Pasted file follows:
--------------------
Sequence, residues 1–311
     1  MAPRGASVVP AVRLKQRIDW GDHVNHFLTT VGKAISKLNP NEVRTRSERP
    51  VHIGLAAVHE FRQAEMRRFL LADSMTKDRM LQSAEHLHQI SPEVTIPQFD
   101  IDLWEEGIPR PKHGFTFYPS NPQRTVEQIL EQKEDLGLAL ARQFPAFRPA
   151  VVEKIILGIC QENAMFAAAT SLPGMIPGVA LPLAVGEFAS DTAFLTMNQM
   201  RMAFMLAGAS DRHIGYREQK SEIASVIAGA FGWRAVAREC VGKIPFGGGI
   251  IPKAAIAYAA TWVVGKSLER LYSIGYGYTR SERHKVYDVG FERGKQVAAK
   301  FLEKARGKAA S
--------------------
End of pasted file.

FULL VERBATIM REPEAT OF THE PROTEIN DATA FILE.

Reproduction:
Sequence, residues 1–311
     1  MAPRGASVVP AVRLKQRIDW GDHVNHFLTT VGKAISKLNP NEVRTRSERP
    51  VHIGLAAVHE FRQAEMRRFL LADSMTKDRM LQSAEHLHQI SPEVTIPQFD
   101  IDLWEEGIPR PKHGFTFYPS NPQRTVEQIL EQKEDLGLAL ARQFPAFRPA
   151  VVEKIILGIC QENAMFAAAT SLPGMIPGVA LPLAVGEFAS DTAFLTMNQM
   201  RMAFMLAGAS DRHIGYREQK SEIASVIAGA FGWRAVAREC VGKIPFGGGI
   251  IPKAAIAYAA TWVVGKSLER LYSIGYGYTR SERHKVYDVG FERGKQVAAK
   301  FLEKARGKAA S